S1> (enable) 2000 Sep 12 05:40:37 %SYS5SPAN_CFGSTATECHG:remote span
source session active for remote span vlan 100
All incoming packets on port 6/2 are now flooded on the RSPAN VLAN 100 and reach the destination port
that is configured on S1 via the trunk.
Verify the Configuration
The show rspan command gives a summary of the current RSPAN configuration on the switch. Again, there
can only be one source RSPAN session at one time.
S1> (enable) show rspan
Rspan Type : Source
Destination :
Rspan Vlan : 100
Admin Source : Port 6/2
Oper Source : Port 6/2
Direction : receive
Incoming Packets:
Learning :
Multicast : enabled
Filter :
Status : active
Total remote span sessions: 1
Other Configurations That Are Possible with the set rspan Command
You use several command lines in order to configure the source and the destination with RSPAN. Apart from
this difference, SPAN and RSPAN really behave in the same way. You can even use RSPAN locally, on a
single switch, if you want to have several destination SPAN ports.
Feature Summary and Limitations
This table summarizes the different features that have been introduced and provides the minimum CatOS
release that is necessary to run the feature on the specified platform:
Feature Catalyst
4500/4000
Catalyst
5500/5000
Catalyst
6500/6000
inpkts
enable/disable
option
4.4 4.2 5.1
Multiple sessions,
ports in different
VLANs
5.1 5.1 5.1
sc0 option
5.1 5.1
multicast
enable/disable
option
5.1 5.1
learning
enable/disable
option
5.2 5.2 5.3
RSPAN
6.3 5.3
This table provides a short summary of the current restrictions on the number of possible SPAN sessions:
Feature
Catalyst
4500/4000
Range of
Switches
Catalyst
5500/5000
Range of
Switches
Catalyst
6500/6000
Range of
Switches
Rx or both
SPAN
sessions
5 1 2
Tx SPAN
sessions
5 4 4
Mini Protocol
Analyzer
sessions
Not supported Not supported 1
Rx, Tx, or
both RSPAN
source
sessions
5 Not supported
1 Supervisor
Engine 720
supports two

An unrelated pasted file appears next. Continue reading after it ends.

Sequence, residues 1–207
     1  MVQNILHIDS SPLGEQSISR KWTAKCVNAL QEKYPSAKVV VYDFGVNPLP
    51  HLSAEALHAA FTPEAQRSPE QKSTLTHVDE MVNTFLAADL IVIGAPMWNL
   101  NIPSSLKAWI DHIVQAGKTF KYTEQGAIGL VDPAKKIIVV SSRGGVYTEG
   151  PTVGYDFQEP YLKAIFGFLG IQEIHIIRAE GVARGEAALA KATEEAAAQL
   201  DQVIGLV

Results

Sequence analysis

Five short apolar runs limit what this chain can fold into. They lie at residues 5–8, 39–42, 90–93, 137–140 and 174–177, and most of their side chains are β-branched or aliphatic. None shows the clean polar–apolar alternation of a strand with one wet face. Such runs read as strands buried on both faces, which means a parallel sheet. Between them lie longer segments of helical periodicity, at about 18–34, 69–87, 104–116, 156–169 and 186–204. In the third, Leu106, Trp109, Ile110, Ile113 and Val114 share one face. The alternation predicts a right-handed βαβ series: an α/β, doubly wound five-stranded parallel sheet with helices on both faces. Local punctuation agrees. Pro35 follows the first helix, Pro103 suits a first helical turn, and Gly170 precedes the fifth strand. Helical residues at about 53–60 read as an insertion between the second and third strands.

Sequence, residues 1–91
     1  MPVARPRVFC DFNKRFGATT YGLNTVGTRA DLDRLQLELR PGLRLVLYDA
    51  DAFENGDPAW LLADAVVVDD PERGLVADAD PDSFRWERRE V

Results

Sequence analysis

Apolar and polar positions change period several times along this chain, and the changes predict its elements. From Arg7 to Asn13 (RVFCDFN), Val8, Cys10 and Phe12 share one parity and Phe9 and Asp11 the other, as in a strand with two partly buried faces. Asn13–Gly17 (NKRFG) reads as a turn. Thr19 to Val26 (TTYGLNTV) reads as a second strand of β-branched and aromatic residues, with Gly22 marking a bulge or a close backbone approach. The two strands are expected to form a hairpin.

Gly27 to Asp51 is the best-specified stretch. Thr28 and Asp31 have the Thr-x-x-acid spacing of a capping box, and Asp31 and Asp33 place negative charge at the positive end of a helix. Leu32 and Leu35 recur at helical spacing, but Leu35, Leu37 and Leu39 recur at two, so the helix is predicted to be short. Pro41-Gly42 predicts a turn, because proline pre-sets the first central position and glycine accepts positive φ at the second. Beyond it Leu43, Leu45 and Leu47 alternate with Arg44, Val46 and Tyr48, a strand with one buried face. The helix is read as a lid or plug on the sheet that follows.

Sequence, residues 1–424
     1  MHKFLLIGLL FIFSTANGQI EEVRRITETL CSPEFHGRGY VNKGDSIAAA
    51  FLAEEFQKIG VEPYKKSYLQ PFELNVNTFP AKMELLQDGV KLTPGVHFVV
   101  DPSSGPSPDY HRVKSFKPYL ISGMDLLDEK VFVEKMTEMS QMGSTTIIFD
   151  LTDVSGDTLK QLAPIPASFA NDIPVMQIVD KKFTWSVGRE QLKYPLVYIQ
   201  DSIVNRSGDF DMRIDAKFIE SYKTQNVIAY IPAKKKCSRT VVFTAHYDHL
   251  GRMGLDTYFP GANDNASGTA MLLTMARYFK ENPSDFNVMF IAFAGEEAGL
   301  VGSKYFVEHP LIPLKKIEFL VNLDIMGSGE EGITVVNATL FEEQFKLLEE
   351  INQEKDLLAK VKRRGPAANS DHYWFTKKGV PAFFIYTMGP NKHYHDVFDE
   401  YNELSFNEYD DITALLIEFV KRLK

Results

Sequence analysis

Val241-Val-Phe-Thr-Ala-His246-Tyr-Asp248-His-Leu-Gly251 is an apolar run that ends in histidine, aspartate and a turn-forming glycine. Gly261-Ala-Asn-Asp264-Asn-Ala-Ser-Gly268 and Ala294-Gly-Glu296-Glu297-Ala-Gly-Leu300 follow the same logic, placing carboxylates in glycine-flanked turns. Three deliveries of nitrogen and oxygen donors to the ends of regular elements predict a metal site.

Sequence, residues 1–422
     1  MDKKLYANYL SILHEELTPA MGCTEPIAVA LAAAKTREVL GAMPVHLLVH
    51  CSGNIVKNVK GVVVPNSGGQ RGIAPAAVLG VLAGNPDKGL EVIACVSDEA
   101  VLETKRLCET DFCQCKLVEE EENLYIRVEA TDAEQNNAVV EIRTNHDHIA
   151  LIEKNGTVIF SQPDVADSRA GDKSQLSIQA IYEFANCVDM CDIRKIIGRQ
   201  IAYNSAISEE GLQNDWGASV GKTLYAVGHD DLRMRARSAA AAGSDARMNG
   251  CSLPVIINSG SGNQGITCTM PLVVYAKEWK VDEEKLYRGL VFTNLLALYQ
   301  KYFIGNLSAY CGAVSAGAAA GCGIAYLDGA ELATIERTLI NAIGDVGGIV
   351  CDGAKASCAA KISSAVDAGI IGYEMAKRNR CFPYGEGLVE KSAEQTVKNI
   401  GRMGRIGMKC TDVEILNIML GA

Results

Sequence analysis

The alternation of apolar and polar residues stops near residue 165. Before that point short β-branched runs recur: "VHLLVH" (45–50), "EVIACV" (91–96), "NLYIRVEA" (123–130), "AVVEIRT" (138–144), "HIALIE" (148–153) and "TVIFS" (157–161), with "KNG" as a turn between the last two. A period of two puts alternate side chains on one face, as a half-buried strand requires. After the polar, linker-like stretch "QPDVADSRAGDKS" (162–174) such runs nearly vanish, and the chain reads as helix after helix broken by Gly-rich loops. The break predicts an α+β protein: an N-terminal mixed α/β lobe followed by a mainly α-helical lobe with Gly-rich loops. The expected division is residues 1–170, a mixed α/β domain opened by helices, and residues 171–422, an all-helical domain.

RSPAN source
sessions. 5 Not supported 24
RSPAN
destination
Total sessions
5 5 30
Refer to these documents for additional restrictions and configuration guidelines:
Configuring SPAN & RSPAN (Catalyst 4500/4000)
Configuring SPAN & RSPAN(Catalyst 6500/6000)
SPAN on the Catalyst 2940, 2950, 2955, 2960, 2970, 3550,
3560, 3560E, 3750 and 3750E Series Switches
These are guidelines for the configuration of the SPAN feature on the Catalyst 2940, 2950, 2955, 2960, 2970,
3550, 3560, 3560E, 3750, and 3750E Series Switches:
The Catalyst 2950 Switches can have only one SPAN session active at a time and can monitor only
source ports. These switches cannot monitor VLANs.

The Catalyst 2950 and 3550 Switches can forward traffic on a destination SPAN port in Cisco IOS
Software Release 12.1(13)EA1 and later.

The Catalyst 3550, 3560, and 3750 Switches can support up to two SPAN sessions at a time and can
monitor source ports as well as VLANs.

The Catalyst 2970, 3560, and 3750 Switches do not require the configuration of a reflector port when
you configure an RSPAN session.

The Catalyst 3750 Switches support session configuration with the use of source and destination ports
that reside on any of the switch stack members.

Only one destination port is allowed per SPAN session, and the same port cannot be a destination port
for multiple SPAN sessions. Therefore, you cannot have two SPAN sessions that use the same
destination port.

The SPAN feature configuration commands are similar on the Catalyst 2950 and Catalyst 3550. However, the
Catalyst 2950 cannot monitor the VLANs. You can configure the SPAN, as in this example:
C2950#configure terminal
C2950(config)#
C2950(config)#monitor session 1 source interface fastethernet 0/2
! This configures interface Fast Ethernet 0/2 as source port.